Glam rock  

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Train wreck at Montparnasse (October 22, 1895) by Studio Lévy and Sons.
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Train wreck at Montparnasse (October 22, 1895) by Studio Lévy and Sons.

Glam rock is a style of rock and pop music that developed in the United Kingdom in the early 1970s performed by musicians who wore outrageous costumes, makeup, and hairstyles, particularly platform shoes and glitter. The flamboyant clothing and visual styles of performers were often camp or androgynous, and have been described as playing with nontraditional gender roles. "Glitter rock" was another term used to refer to a more extreme version of glam.

The UK charts were inundated with glam rock acts from 1971 to 1975, with glam also manifesting in all areas of British popular culture during this period. The March 1971 appearance of T. Rex frontman Marc Bolan on the BBC's music show Top of the Pops, wearing glitter and satins, is often cited as the beginning of the movement. Other British glam rock artists include David Bowie, Mott the Hoople, Sweet, Slade, Mud, Roxy Music and Gary Glitter. In the US the scene was much less prevalent, with Alice Cooper and Lou Reed the only American artists to score a hit. Other US glam artists include New York Dolls, Iggy Pop and Jobriath. It declined after the mid-1970s, but influenced other musical genres including punk rock, glam metal, New Romantic, and gothic rock and has sporadically revived since the 1990s.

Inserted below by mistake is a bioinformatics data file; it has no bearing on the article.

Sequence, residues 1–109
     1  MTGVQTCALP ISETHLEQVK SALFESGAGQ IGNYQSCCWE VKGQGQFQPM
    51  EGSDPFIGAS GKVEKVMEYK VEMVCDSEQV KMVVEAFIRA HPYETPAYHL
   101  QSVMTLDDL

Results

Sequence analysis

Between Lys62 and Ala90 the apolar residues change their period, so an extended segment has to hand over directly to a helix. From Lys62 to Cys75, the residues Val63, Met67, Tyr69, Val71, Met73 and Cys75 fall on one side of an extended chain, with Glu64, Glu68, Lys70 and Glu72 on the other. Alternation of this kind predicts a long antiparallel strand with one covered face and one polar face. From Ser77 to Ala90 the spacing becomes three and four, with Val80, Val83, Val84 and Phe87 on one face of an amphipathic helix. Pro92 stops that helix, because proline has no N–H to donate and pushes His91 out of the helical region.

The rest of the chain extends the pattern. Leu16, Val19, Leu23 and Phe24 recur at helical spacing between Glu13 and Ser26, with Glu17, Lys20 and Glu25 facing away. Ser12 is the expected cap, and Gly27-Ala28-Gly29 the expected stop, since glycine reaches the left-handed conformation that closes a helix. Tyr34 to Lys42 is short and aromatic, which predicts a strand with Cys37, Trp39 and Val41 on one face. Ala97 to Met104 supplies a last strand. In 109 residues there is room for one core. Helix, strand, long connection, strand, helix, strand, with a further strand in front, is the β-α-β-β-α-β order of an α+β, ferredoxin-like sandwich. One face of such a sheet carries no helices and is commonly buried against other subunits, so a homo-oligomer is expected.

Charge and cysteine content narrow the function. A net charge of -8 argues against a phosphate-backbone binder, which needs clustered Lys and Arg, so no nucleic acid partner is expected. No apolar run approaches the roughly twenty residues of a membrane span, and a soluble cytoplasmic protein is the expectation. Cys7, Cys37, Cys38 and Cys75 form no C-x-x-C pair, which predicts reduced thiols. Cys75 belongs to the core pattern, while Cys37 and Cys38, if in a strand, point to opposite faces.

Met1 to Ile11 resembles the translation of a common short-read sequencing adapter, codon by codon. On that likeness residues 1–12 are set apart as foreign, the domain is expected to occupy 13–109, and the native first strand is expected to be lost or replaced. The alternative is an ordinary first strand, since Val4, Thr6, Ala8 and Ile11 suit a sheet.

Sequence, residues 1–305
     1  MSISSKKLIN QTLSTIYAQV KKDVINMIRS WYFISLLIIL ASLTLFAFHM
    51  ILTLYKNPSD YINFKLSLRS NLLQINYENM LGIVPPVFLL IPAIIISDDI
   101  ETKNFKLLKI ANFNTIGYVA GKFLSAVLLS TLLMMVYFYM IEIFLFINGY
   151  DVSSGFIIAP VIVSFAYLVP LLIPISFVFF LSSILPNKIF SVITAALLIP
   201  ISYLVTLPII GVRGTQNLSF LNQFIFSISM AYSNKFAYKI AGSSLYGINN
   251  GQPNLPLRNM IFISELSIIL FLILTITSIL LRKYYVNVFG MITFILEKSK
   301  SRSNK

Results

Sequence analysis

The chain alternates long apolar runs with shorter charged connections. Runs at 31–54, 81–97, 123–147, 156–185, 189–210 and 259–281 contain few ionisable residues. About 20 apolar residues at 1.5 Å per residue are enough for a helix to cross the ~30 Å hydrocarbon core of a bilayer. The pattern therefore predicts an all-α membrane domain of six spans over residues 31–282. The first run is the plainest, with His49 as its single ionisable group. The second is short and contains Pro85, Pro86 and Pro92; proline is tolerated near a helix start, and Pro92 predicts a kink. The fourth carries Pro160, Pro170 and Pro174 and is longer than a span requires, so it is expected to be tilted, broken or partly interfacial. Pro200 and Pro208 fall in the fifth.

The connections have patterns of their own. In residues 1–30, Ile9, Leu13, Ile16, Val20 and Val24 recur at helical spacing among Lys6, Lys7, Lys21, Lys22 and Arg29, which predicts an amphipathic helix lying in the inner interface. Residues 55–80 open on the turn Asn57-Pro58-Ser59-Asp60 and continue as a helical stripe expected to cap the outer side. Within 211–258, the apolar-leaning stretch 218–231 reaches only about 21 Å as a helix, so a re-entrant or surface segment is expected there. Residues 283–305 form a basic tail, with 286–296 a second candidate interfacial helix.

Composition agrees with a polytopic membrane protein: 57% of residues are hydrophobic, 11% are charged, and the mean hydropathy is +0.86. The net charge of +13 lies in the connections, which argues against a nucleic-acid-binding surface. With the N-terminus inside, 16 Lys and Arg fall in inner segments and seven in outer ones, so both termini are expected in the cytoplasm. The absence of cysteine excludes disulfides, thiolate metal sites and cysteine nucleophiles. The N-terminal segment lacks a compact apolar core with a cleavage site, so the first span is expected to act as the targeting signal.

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Unless indicated otherwise, the text in this article is either based on Wikipedia article "Glam rock" or another language Wikipedia page thereof used under the terms of the GNU Free Documentation License; or on original research by Jahsonic and friends. See Art and Popular Culture's copyright notice.

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